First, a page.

Witness, Exhibit "B";
Our house is, by local standards, rather old. In fact, she turns 100 this year. She came complete with crystal door knobs and brass "backplates" (a fancy technical term I learned while doing the, um, 'research' for this post). Two of the doors have rather ornate backplates, the rest are all very utilitarian.
Here is a photo of one of the decorative backplates, complete with probably 60 years' worth of paint:
Equally as commonplace, we did nothing about it for two years. I recently came across the damaged backplate (which had not been on the door since getting damaged- heck, it hadn't been on the door when it got damaged!), and, fueled by my successful (albeit roundabout) restoration of the WWII-era messenger bag, my determination to attend to it was renewed.
So, I first resolved to see if I could find a replacement plate at a local antiques shop where I had previously seen backplates available for purchase, The Old House Revival Company.
And, naturally, I neglected to bring the blinking plate with me (although I had, at least, had the presence of mind to observe that the detail work on it included a fleur de lis).
The staff there were very eager to help me figure out my options once I had exhausted their considerable collection of brass backplates. My son, aka "Sir Squeaksalot", was also very eager to make me part with my money by deciding he really, really liked an antique stereo on display there. Really liked it. Was brave enough to ask a salesperson to ask how much it was*, liked it
*darn it, that technique almost always works on his siblings!!! Once Mum puts the onus on them to ask for details about something they really want, they usually back down.
Turns out, they were planning on putting the stereo into a garage sale, and were only going to be asking $25 for it. His birthday is coming up in just over two weeks- I do believe I see an antique stereo in my future.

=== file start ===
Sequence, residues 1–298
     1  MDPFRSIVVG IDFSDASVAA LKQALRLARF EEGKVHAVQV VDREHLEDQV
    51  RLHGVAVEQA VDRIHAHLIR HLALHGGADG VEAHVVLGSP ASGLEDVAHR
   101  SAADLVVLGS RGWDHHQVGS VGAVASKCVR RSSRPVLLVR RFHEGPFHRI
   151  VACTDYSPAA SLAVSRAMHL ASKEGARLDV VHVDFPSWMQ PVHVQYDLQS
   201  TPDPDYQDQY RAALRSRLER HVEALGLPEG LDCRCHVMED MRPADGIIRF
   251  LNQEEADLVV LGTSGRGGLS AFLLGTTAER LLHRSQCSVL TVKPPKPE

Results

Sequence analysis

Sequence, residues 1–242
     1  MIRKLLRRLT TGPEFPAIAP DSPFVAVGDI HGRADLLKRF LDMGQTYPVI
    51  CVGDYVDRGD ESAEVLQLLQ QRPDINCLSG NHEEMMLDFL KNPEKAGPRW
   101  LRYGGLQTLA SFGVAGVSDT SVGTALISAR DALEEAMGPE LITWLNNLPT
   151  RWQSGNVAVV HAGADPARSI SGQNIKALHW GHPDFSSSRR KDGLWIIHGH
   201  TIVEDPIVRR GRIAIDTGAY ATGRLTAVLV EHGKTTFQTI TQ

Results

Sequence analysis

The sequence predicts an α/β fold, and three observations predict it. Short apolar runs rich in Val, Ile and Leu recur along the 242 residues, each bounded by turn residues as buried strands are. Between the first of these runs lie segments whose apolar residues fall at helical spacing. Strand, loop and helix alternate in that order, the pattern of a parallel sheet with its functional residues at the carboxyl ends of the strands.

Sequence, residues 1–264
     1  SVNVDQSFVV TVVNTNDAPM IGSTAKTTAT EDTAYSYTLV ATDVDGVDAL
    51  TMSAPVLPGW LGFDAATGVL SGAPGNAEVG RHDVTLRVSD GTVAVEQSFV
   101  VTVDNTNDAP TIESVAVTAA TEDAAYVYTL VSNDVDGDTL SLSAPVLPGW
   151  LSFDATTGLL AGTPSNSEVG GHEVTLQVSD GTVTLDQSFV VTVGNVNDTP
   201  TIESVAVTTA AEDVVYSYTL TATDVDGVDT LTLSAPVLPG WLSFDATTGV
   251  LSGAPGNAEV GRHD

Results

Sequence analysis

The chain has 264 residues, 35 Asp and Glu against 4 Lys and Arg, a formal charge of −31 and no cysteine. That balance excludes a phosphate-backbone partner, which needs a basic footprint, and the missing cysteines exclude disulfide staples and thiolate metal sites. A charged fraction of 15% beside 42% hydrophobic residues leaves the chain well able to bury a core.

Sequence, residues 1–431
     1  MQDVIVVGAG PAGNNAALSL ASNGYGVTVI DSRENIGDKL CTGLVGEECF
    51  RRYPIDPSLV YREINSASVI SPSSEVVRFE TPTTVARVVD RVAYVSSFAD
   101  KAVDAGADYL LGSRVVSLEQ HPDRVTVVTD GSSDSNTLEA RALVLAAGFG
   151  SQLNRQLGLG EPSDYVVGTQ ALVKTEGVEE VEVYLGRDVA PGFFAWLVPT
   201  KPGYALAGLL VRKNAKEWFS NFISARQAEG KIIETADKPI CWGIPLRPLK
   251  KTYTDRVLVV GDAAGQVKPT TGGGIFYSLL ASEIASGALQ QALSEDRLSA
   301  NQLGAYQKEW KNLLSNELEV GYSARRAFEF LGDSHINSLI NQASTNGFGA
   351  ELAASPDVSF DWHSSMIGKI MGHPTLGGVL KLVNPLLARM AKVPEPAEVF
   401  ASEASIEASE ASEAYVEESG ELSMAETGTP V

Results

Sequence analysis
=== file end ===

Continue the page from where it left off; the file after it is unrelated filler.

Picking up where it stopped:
But I digress. As helpful as they were, Old House Revival didn't have the backplate I needed. They did remind me, however, that brass is fairly maleable, and I might be able to straighten out the kink without it breaking ...
A few days later, I went over to see the lovely ladies at Vintage Veruca. They were extremely busy, getting ready for their own garage sale, but they were no less helpful than the folks at OHR.
Funnily enough, once they had confirmed that they did not, in fact, have a backplate to match mine (I had since put the darned thing into my bag), one of the ladies told me she used to work at OHR, and they were likely the best place to check for backplates ...
She also affirmed what the folks at OHR had said about being able to straighten out the kink in my existing backplate. In addition, she told me I could strip the paint off the backplate by placing it in extremely hot (read: boiling!) water for ten to fifteen minutes and then peel or scrape it off.
You can probably see where this is going ...
Yup. I did. First of all, I managed to straighten out the kink in the backplate enough to make it once more functional.
Then, after removing all six thousand** layers of paint from the two backplates, just for kicks, I decided to polish them.
(** this may be a slight exaggeration)
At this point, I might as well restore the other two plates, too- after all, it's a straightforward and simple project, right? ;-)